"Uganda loses Shs 2 bn per year in capital flight"


Government loses an estimated Shs 2 billion per annum in capital flight annually by foreign based companies who dominate the investment climate in the country, according to economic analysts.

This was revealed during the launch of the Fair Tax Monitor Report by Oxfam and SEATINI Uganda, in collaboration with Tax Justice Alliance Uganda, SOMO, FEMNET and Tax Justice Network Africa, at Golf Course Hotel in Kampala on Wednesday.

The report was launched under the Fiscal Justice for Women and Girls in Africa project co-funded by the European Union

Daniel Lukwago, the lead consultant attributed the loss to tax holidays and other incentives accorded to foreign investors, who in turn make huge profits that are ferried out of the country, leaving Uganda with a low tax collection base from struggling indigenous companies.

"Ugandan companies are foreign based and take away over 2 billion shillings annually in capital flight, which negatively affects economic development," said Lukwago.

Oxfam Uganda country director, Francis Odokrach, said the Fair Tax Monitor is a research tool that identifies the main bottlenecks within the fiscal policies and systems and assesses their redistributive qualities and makes recommendations for change.

"Tax systems are globally, seen as putting women at the margins, and not just in terms of how taxes affect income, wealth, and behaviours directly. They are not designed in a way that gives enough attention to the net effect that tax and spending systems combined, both on paper and in practice, have on the immediate needs or strategic priorities that underpin gender inequalities," he said.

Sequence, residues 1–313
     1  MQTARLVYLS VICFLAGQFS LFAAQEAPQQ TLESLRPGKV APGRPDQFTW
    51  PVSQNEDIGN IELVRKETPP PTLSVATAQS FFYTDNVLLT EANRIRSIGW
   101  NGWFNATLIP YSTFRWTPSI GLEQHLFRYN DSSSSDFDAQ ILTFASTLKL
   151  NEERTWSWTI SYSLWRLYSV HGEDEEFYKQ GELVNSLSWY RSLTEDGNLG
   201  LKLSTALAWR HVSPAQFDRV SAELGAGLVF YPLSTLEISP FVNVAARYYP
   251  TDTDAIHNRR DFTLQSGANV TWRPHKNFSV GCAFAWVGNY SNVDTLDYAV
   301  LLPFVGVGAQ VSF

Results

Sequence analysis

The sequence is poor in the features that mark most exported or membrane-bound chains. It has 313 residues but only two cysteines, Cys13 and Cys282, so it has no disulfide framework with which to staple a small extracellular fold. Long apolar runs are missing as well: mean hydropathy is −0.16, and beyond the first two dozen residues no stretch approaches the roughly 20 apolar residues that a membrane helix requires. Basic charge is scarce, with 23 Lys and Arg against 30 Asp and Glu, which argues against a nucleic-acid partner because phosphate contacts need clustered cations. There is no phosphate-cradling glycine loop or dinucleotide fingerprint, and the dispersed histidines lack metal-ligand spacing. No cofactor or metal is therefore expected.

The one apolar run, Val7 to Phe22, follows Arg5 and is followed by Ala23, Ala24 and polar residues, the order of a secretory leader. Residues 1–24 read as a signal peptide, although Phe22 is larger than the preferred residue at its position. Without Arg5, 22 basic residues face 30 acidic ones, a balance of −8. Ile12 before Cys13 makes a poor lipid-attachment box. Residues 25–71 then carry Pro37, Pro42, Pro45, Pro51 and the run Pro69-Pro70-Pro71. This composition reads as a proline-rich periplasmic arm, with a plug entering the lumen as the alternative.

Jane Nalunga, the executive director, SEATINI Uganda, said on top of the prevailing tax system, the impact of the Covid-19 pandemic led to a reduction in government revenues and grants of about $626 m against a $ 6.4bn during 2020/21.

“It is possible to change this status quo. Despite government efforts to increase women representation in fiscal policy formulation, public participation is still weak and low at 22 percent, according to the International Budget Project (IBP) 2019 Open Budget Survey. Therefore, an increase in public tax education remains vital as this empowers citizens to shape transparency and accountability in Uganda," she said.

Minister of State for Finance, Henry Musasizi reiterated government’s commitment to working with civil society organisations to improve on the tax base. He said taxes are critical for revenue mobilisation.


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